Human urine stains can be a regular occurrence on your toilet seat. Quick clean-up helps prevent staining and odour, but urine that lingers on the seat can end up creating a smelly stain. In addition to removing the stain completely, it's important to remove the odour-causing bacteria, so the toilet seat doesn't smell dirty even after it's been cleaned.
Mix 1/4 cup white vinegar and 1/4 cup baking soda in a bowl to make a foamy paste. Vinegar and baking soda will foam when combined; this is normal and safe.
Dip an old toothbrush into your vinegar and baking soda paste, and scrub the urine stains on your toilet seat. Rinse the toothbrush with water, and scrub more paste into the surface of your toilet seat. Allow the paste to sit on the toilet for 10 minutes. Baking soda and vinegar make a natural scouring cleanser that removes stains and deodorises the surface.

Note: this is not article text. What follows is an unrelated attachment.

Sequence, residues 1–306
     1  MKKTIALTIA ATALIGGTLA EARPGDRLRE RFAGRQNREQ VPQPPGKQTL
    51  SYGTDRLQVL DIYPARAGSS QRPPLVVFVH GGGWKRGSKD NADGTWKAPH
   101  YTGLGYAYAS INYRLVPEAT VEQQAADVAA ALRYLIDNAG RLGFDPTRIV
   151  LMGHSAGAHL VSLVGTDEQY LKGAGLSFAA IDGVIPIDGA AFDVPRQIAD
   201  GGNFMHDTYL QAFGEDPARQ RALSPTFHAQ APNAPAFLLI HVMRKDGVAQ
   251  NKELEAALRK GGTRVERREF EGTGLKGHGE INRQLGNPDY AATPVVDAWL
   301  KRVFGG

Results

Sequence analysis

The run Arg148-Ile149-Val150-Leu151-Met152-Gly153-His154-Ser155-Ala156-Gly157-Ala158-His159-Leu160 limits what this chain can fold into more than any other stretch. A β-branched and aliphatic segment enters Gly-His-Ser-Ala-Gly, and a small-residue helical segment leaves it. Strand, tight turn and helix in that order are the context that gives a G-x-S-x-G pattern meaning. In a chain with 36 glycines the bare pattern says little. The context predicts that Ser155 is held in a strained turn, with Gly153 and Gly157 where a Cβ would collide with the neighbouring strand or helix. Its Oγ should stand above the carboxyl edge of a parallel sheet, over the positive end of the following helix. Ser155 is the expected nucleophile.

- Human urine stains can be a regular occurrence on your toilet seat.
- Dip an old toothbrush into your vinegar and baking soda paste, and scrub the urine stains on your toilet seat.
Wet a clean cloth with water and wipe the vinegar and baking soda paste off your toilet seat. Dry the seat with a clean, dry cloth.
Cover the stained area of your toilet seat with a pet odour neutraliser. Allow the neutraliser to remain on the surface for 20 minutes before rinsing off with water. Pet odour neutraliser has enzymes that break down and absorb odour-causing bacteria from urine.
Keep a bottle of undiluted white vinegar on hand to spray the toilet seat after mishaps. This will get rid of the odour and remove the stain before it sets. Use hydrogen peroxide or bleach on light-coloured toilet seats. Purchase a potty seat that sits on top of your toilet seat for use during potty training.